If you frequently ride a bike, you must maintain it well to ensure it functions properly. This includes keeping the bike clean, ensuring the brakes are adjusted, inflating the tires, keeping its screws tightened, and getting it serviced regularly. However, your bike may start to shift gears on its own. Here’s what you need to know:
A bike shifting gears on its own is referred to as ghost shifting. This occurs when the cables in your bike become loose over time. Additionally, there may be friction within the cables, the derailleur might be bent because of cable tension, limit screws may not be set properly, or the entire chain has broken.
You will need to replace the cable, shifter, hanger, or housing, depending on what is causing ghosting. Keep on reading to learn more about it!
What Is Ghost Shifting And Why Does It Happen?
This is referred to as a situation during your bike ride when your bike shifts its gears without you shifting them. The sudden change in your gears will decrease your bike’s speed drastically.
Ghost shifting is more noticeable at high speeds. This is because you need to pedal with greater energy than normal at high speeds without changing your gear. However, cable tensions may lead to the derailleur in your bike opening. This results in your chain shifting gears automatically.
If you have bought a new bike, its cables will become loose during the initial few rides. As this is a common occurrence, getting your new bike serviced and adjusted every six months is recommended. This is also important because many local shops provide discounts for tuning up your bike when it is new.
However, if your bike is aged, its cables may stretch as it continues being used. Also, ghost shifting may occur because of a bent derailleur or a derailleur hanger. These two are uncommon because there must have been a crash or toppling over for the derailleur to get bent.
Having discussed why your bike might shift gears on its own, let’s begin detailing how you can fix it!
Ways To Fix Automatic Gear Shifting/ Ghost Shifting
Once you have experienced ghost shifting, you need to figure out which component of your bike is causing it. If it is being caused because cables are too stretched, then you need to find out which derailleur leads to ghost shifting. For the chain, you may need to shorten it by taking out some links or completely replacing them with the shifter cable.
If the problem lies within the rear derailleur, you must begin by shifting it into the smallest chainring. Then, gradually shift up the bike. If this does not work, more tension is needed in the derailleur. To add more tension, turn the barrel adjuster away from the brake lever. Remember to do this in small twists so that extra tension is not created.
Mostly, half a turn should provide the required tension. If it does not, repeat the process until the derailleur works properly.
The video below highlights ways you can add tension to your shift cables:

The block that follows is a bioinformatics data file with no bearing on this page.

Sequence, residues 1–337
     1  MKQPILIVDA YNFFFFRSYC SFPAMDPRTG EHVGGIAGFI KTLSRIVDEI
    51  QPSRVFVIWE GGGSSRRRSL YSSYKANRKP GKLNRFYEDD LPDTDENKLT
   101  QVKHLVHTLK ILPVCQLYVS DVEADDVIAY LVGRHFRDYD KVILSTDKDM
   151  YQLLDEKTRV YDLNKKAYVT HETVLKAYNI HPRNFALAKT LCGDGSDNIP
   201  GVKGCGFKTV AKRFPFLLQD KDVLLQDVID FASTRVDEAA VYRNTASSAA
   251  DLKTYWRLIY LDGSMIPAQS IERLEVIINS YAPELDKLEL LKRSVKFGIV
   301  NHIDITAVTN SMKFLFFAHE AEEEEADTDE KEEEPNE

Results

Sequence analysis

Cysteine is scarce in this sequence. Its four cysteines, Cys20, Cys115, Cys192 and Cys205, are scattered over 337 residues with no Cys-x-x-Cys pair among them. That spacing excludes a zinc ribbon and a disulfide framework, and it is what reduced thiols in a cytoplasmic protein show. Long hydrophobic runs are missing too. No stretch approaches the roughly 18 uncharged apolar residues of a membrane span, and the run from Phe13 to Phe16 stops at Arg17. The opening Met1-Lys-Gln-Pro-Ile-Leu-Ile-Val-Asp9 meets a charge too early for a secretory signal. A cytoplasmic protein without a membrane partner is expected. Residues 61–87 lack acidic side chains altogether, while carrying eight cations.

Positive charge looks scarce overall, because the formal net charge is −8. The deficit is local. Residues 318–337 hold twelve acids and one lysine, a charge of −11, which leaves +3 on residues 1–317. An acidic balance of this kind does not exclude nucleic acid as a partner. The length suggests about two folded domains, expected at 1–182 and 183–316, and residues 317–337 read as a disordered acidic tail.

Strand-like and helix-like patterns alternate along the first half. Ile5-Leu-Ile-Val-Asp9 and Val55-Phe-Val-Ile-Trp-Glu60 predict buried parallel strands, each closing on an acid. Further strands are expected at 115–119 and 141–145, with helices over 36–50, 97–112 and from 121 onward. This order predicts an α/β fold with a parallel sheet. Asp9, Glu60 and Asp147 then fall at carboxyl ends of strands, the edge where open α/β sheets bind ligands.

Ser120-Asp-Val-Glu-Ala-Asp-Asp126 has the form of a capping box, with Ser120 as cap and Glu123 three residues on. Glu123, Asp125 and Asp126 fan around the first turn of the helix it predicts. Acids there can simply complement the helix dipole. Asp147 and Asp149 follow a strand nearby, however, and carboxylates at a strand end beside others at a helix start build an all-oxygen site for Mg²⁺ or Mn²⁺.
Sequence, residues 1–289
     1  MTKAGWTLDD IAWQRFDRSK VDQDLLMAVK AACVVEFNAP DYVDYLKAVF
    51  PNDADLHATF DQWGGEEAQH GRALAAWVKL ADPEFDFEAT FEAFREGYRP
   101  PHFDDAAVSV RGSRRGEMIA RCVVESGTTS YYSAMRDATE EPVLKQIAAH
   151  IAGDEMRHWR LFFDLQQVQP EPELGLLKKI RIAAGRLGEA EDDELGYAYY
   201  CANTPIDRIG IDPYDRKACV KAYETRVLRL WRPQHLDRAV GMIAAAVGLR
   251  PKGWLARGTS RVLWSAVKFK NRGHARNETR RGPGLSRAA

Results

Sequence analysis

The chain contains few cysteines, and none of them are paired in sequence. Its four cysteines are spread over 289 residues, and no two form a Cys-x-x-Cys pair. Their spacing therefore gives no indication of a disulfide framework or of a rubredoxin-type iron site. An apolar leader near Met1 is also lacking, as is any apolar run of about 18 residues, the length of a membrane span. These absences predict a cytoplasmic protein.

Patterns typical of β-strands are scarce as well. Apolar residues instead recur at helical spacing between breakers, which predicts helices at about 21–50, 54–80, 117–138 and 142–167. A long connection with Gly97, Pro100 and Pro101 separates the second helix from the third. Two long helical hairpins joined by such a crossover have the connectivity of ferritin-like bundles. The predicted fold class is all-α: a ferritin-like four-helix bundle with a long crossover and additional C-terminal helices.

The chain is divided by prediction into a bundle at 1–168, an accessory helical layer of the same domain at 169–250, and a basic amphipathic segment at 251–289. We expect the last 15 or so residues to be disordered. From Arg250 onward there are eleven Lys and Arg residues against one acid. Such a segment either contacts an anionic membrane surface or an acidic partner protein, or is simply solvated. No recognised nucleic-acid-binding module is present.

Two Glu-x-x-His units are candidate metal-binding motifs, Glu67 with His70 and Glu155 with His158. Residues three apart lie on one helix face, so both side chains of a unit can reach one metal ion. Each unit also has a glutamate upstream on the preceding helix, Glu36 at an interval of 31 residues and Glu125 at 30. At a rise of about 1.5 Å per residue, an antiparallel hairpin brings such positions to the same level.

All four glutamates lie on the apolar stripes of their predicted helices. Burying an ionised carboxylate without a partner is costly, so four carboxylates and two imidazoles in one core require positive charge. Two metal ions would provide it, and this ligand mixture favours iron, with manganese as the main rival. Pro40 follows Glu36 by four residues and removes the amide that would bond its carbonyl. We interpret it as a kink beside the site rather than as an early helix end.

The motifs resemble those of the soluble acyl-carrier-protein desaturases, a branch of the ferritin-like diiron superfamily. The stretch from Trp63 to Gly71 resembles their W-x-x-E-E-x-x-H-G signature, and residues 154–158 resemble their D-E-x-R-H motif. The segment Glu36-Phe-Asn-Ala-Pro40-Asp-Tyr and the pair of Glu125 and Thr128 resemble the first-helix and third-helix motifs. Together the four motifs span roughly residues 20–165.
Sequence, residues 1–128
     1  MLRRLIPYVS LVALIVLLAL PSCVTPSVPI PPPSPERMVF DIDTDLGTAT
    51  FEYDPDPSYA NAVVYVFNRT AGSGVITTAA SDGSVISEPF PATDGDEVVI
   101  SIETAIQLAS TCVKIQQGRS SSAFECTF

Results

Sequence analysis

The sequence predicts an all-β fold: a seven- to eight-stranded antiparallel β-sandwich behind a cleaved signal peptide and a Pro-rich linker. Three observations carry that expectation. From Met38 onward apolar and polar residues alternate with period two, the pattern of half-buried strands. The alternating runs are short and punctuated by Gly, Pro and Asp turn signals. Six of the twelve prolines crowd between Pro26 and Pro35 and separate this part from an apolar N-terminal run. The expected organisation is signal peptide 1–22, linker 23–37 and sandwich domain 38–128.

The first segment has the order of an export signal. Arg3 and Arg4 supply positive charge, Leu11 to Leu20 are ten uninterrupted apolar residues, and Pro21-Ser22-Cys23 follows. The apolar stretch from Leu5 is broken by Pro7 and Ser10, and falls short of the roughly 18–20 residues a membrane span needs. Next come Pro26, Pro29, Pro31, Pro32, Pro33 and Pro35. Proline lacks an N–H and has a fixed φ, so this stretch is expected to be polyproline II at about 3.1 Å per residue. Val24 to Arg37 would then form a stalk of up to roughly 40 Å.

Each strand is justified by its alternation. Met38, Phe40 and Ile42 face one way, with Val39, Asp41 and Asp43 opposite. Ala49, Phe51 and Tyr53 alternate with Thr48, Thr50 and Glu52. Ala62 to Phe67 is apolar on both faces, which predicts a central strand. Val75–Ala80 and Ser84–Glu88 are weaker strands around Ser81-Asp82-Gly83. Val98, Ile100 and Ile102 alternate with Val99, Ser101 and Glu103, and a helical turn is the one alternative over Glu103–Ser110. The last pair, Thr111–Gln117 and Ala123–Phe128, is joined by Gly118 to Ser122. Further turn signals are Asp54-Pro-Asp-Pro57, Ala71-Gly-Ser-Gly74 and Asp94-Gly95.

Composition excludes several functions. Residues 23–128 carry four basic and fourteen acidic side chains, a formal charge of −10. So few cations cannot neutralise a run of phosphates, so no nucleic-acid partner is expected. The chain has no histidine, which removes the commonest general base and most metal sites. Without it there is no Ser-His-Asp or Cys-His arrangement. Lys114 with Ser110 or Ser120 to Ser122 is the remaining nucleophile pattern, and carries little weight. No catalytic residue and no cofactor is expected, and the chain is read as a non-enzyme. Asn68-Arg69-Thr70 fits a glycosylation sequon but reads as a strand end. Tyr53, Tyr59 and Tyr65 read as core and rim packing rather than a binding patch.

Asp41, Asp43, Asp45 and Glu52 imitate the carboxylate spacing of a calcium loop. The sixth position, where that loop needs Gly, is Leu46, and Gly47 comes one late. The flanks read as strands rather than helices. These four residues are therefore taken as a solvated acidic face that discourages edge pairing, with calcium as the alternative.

If the front derailleur is at fault, the process of fixing the derailleur is very similar to the back derailleur. The only change between the two methods is that the other barrel adjuster needs to be turned to add tension to the front derailleur. It must be done so by screwing in the opposite direction as the rear derailleur.
However, if ghost shifting does not go away following the two procedures, something other than loose cables is the reason. Here, it is advised to take your bike to the local repair shop for a service instead of replacing the faulty components yourself. This is because moving the bike too much without proper experience may damage it even further.
We will now discuss the front and rear derailleur methods in more detail.
How To Fix A Gear Shift In The Rear Derailleur
As mentioned above, you need to change your chain to the smallest right on your back derailleur if it is the one causing ghost shifting. Then, press the shifter once. If the chain cannot shift to a higher gear, more tension is required.
Following this, twist the right barrel adjuster in your bike. This is found opposite from the brake lever on your brake and is used to pass the brake cable through when it enters the shifter. Twisting it away using half a turn only loosens the adjuster.
In your bike’s rear cassette, shift down to the smallest chainring again and continue pressing the shifter to see if the gears change correctly. If the gear remains unchanged, repeat the above steps while twisting the adjuster away from yourself.
How To Fix A Gear Shift In The Front Derailleur
The aforementioned process also works if the front derailleur is at fault. Begin by putting your bike in the park and pedal forward manually. Similar to the rear derailleur, the front derailleur also has an adjuster. However, it needs to be screwed in the opposite direction from before to add tension.
If this does not work, visually observe your bike. If too much slack is visible, you need to add more tension, whereas if it appears too tight, then you need to remove some tension. When manually adjusting your cable, you can identify the point where the cable exits the derailleur.
To add more tension, pull the cable outwards. If you need to remove tension, push it further inside to create more slack. Continue repeating this until your bike is no longer ghost-shifting. However, as stated above, to avoid extensive damage to your bike, you must take it to a mechanic at your earliest if you have never repaired it yourself before.
In conclusion, we can see that automatic gear shifting in bikes is referred to as ghost shifting. This may be caused when there is either too much or too little tension in the bike chains, the front or rear derailleurs are at fault, or the derailleurs are bent. If the problem seems too complex, it is advised to use professional help.